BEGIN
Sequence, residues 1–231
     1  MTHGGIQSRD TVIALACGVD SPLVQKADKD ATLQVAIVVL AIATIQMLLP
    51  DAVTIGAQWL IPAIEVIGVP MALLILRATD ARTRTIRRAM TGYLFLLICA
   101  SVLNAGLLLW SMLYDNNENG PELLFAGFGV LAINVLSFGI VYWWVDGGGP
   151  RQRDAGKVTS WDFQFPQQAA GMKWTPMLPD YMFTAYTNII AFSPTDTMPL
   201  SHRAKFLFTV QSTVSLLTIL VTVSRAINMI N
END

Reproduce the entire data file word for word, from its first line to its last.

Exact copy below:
Sequence, residues 1–231
     1  MTHGGIQSRD TVIALACGVD SPLVQKADKD ATLQVAIVVL AIATIQMLLP
    51  DAVTIGAQWL IPAIEVIGVP MALLILRATD ARTRTIRRAM TGYLFLLICA
   101  SVLNAGLLLW SMLYDNNENG PELLFAGFGV LAINVLSFGI VYWWVDGGGP
   151  RQRDAGKVTS WDFQFPQQAA GMKWTPMLPD YMFTAYTNII AFSPTDTMPL
   201  SHRAKFLFTV QSTVSLLTIL VTVSRAINMI N